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Book review: Retreat or Resolution by Peter Scott

In Retreat or Resolution, Peter Scott takes a long term view for how to reform mass higher education. David Kernohan shares his thoughts on how successful Scott might be
This article is more than 2 years old

David Kernohan is Deputy Editor of Wonkhe

For a sector regularly described as being in the vanguard of progressive influences on society, there is a lot about higher education that can only be described as conservative.

Higher education, in other words, was fantastic – a few years before you got involved. These days it is awful – it’s been ruined by management, by measurement, by students as customers and academics as a service economy. And administrators of course – administrators are just awful.

Peter Scott takes the longe durée (after Braudel) view of an era of mass higher education he situates between the pre-Robbins expansion in provider numbers in England and the “general crisis” of the present moment. Regular readers of the Wonkhe Daily could be forgiven for thinking that the sector constantly lurches from one policy upheaval and national scandal to another – one central message of Retreat or Resolution is that although the styles and instruments change the music remains the same.

A history man

This perspective is of course aided by the sheer breadth of experience that Peter Scott brings to the story – he edited the Times Higher Education Supplement in the seventies (a very different publication in those days), and progressed via a chair at Leeds and the Vice Chancellor’s office at Kingston to the HEFCE board (he still, wonderfully has a memory stick with all the board papers on!) and on to a wider role as kind of a national oracle on higher education.

He nails, for example, our national squeamishness at the idea of “mass higher education” – a gut feeling that animates a lot of contemporary policy. Politicians are keen to drive up skills and productivity, employers are keen on the problem-solving and analytical skills graduates bring to the workforce, parents are determined that their children will benefit from a university experience – but everyone also appears to be resolved that too many people go to university, and that the experience is overrated anyway.

For Scott, the intensification of these feelings in this age of gut feeling politics represents a “general crisis” – an inflection point in a grand narrative of educational inclusion. As he tells it:

At the heart of this crisis is a confusion of regrets – Arcadia abandoned, or Utopia denied? The result is a weakening of belief in mass higher education, not just as established reality, the ways things are, but also as a reform project rooted in values and beliefs, the way things can be.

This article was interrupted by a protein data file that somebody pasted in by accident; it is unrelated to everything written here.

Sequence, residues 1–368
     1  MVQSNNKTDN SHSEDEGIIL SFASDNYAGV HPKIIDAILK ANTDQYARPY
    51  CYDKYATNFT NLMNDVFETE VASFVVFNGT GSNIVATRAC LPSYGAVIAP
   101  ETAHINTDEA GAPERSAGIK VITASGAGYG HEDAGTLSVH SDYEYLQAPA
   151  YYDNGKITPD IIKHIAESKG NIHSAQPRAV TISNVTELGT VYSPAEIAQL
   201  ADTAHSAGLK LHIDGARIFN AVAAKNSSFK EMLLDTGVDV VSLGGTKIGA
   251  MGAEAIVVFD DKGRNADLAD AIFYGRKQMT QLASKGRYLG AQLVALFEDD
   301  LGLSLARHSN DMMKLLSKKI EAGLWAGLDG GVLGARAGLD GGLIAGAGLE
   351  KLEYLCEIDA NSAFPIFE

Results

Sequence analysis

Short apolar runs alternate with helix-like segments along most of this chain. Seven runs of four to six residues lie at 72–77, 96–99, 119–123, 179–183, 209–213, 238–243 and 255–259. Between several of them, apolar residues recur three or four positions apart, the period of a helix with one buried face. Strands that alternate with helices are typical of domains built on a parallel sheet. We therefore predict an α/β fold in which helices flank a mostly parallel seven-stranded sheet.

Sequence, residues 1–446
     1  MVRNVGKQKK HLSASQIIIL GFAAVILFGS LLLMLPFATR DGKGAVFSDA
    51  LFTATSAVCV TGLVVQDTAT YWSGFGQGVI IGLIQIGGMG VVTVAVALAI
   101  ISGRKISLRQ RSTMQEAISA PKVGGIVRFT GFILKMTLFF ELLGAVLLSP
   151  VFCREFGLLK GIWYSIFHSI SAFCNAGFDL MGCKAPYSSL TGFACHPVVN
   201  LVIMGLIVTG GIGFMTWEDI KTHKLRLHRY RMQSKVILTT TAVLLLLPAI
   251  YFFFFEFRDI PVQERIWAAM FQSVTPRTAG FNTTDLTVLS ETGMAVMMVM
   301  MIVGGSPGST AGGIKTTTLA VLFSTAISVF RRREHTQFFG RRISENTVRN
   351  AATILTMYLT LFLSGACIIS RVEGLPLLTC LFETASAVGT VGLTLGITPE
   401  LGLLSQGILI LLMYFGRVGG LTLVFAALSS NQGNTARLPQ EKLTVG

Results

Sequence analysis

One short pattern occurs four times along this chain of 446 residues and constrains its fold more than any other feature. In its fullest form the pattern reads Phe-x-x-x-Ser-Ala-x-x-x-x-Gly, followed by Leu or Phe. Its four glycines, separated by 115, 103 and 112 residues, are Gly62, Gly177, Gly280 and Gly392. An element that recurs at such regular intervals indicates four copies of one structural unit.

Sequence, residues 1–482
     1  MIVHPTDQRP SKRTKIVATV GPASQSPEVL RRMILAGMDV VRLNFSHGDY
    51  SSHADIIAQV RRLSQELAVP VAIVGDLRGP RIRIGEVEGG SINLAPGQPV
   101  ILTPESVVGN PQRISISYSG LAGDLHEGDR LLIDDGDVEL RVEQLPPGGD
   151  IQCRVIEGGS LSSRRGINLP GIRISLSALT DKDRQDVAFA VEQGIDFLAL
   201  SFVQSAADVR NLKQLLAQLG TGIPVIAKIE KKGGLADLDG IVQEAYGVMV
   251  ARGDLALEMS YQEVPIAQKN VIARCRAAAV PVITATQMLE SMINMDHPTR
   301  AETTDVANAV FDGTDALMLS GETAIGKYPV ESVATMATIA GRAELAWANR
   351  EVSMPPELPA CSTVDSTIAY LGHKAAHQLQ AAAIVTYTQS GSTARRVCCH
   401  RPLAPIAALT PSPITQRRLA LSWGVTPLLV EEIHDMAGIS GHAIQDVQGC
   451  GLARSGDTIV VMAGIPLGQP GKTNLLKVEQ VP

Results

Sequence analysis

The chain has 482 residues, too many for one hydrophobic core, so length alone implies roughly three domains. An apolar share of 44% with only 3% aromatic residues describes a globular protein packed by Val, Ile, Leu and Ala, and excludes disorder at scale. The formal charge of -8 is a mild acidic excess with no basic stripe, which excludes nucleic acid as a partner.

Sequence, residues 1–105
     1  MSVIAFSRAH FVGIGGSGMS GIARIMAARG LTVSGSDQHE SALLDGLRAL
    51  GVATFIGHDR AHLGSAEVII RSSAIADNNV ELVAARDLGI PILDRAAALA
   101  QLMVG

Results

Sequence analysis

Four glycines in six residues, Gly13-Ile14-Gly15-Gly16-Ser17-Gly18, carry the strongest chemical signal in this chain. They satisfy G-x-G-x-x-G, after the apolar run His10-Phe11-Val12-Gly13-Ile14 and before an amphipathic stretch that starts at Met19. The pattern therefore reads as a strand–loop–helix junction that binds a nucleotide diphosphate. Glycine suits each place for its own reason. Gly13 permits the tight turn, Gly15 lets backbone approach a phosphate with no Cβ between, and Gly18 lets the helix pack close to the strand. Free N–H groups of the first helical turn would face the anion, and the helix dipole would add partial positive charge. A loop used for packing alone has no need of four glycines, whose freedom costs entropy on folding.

It’s not, in other words, that the changes in every part of society (there are some fascinating reflections on the “audit society” from a man who was a new public manager in the heyday of New Public Management) have also changed higher education – they have, of course – but that we have lost the golden narrative thread that animated the drive to expansion in the first place. And this is a peculiarly English malaise – although having read Lower Ed and Paying The Price I would take exception with the idea of college as a beneficent “national religion” in the US.

A foreign country

Of course, we have our own troubling state-sanctioned god in England – nostalgia. The book attempts to put forward the kind of “alternative history” that would get a cabinet minister concerned – no, Veronica, the sixties were no secret garden of “donnish dominion”, and everything from selective research funding to PSRBs held sway in the groves of academe.

And yet, that past lingers on. For a higher education system on the brink of becoming a universal system, UK higher education has retained many of the characteristics, and consequently much of the ‘feel’, of an elite system.

“Feel” is a notoriously slippery concept – I feel like Scott is hinting that our idea of higher education may intellectually include career skills and GDP improvements, but our dreams (the “rite of passage”, the troubling role of universities in social sorting, the rituals and the code words) are of something that owes more to Hogwarts than the University of Herefordshire. Our national preoccupations do tend to match the experiences of the commentariat – and all those “Oxbridge isn’t worth it” neo-controversialist think pieces tend to be written by graduates of two particular universities.

Super-sized HE